FIT2001 Systems analysis and design - Summer semester , 2007

Unit leader :

Peter O'Donnell

Lecturer(s) :

Gippsland

  • Madhu Chetty

Introduction

Unit synopsis

This unit will provide students with an introduction to systems analysis and design and give a broad overview of the main techniques commonly used for carrying out the analysis and specification of the design for a computer system. The unit will introduce students to the nature of systems analysis and design as a problem-solving activity, describe the key elements of analysis and design, and explain the place of the analysis and design phases within the system development life cycle. The unit will introduce students to the nature of modelling as an analytical and a communicative process. They will learn to create models that describe system specifications using the unified modelling language (UML). Further, students will learn to interpret and understand models created with traditional structured modelling techniques.

Major topics include:

  • Systems analysis and design in context;
  • Analysis and problem-solving;
  • Fact-finding and data gathering;
  • Systems analysis using UML;
  • Systems design using UML.
  • Learning outcomes

    At the completion of this unit students will have knowledge and understanding of:

    • The roles of systems analysts and designers system development;
    • Various system development methodologies;
    • The processes of systems analysis and design in structured and object-oriented systems development methodologies and life-cycles;
    • Planning and problem definition in simple information technology problems;
    • The principles of systems design, and the relationship of systems design to systems analysis;
    • The criteria that can be used to evaluate the quality of a model of a system;
    • The purpose of different types of models in the UML;
    • The role and application of automated tools in systems modelling.

    and students will have developed attitudes that enable them to:

    • Appreciate that a range of valid solutions exist for any given problem.

    as well as the skills to:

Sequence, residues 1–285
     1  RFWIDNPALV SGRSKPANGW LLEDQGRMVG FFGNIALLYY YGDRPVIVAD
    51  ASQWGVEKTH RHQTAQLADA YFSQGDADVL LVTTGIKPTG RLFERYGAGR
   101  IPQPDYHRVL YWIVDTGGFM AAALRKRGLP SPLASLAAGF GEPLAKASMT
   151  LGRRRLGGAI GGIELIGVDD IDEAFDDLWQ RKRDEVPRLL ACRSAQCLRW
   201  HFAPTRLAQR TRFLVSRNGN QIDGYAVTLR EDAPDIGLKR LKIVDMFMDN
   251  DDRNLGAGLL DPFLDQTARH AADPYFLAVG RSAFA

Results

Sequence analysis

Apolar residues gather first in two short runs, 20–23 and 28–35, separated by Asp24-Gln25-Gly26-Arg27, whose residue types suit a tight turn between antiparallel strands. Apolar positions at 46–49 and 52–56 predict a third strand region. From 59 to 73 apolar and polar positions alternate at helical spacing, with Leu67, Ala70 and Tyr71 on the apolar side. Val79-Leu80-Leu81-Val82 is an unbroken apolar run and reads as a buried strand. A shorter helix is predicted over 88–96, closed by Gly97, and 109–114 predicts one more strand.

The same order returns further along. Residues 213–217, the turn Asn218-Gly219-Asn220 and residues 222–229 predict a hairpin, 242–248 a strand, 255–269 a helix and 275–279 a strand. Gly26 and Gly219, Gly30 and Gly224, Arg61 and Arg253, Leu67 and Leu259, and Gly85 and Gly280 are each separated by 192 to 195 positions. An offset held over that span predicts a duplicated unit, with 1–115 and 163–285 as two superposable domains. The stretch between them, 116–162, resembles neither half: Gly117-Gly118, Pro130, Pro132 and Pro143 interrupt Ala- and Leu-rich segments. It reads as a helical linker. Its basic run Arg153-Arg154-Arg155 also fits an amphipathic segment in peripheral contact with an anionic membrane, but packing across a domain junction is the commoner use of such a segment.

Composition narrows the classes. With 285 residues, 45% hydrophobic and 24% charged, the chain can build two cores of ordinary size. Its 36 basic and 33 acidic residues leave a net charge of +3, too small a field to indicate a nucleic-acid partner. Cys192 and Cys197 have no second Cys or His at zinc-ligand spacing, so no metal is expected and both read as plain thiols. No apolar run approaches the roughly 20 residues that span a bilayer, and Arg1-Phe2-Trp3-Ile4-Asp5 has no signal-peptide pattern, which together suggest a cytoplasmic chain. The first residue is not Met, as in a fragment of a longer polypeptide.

• Model and design logical and physical systems using industry standard object oriented techniques;
    • Interpret and evaluate systems analysis and systems design models created using both structured and object oriented techniques.
    • Create analysis and design models using the main elements of the unified modelling language (UML);
    • Develop and practice the skills and competencies necessary to undertake a requirements analysis for a business application;
    • Apply problem solving techniques at different levels of abstraction and understand the effect this may have on a system specification;

    and to:

    • Explain the interdependence and relationships between all stake-holders in the systems development process.

    Workload

    The unit is offered in off campus mode. You workload commitments will involve:

    • Reading and understanding weekly lecture slides (2 hours)
    • Practising weekly totorials (2 hour)
    • Reading weekly study guides, text book, preparation and self study
    You will need to allocate 12-14 hours/week during the semester for this unit.

    Unit relationships

    Prerequisites

    It is assumed that students taking this unit are in the second year of an undergraduate course on information technology. The common core unit FIT1004 Database is a required corequisite unit. It is expected that all students studying FIT2001 will have at least obtained a passing grade in FIT1004 or be studying it at the same time. In FIT1004 students will have gained and understanding of and an ability to perform logical database design. FIT2001 will further develop these areas.

    Relationships

    FIT2001 is a common core unit for all Faculty of IT undergraduate degrees. It is a prerequisite for many units in the second and third years of these degrees.

    You may not study this unit and BUS2021, BUS2071, CSE1204, CSE1205, GCO1813, GCO2601, GCO2852, GCO2826, IMS1001, IMS1002, IMS1805, or IMS2701 in your degree.

    Continuous improvement

    Monash is committed to ‘Excellence in education' and strives for the highest possible quality in teaching and learning. To monitor how successful we are in providing quality teaching and learning Monash regularly seeks feedback from students, employers and staff. Two of the formal ways that you are invited to provide feedback are through Unit Evaluations and through Monquest Teaching Evaluations.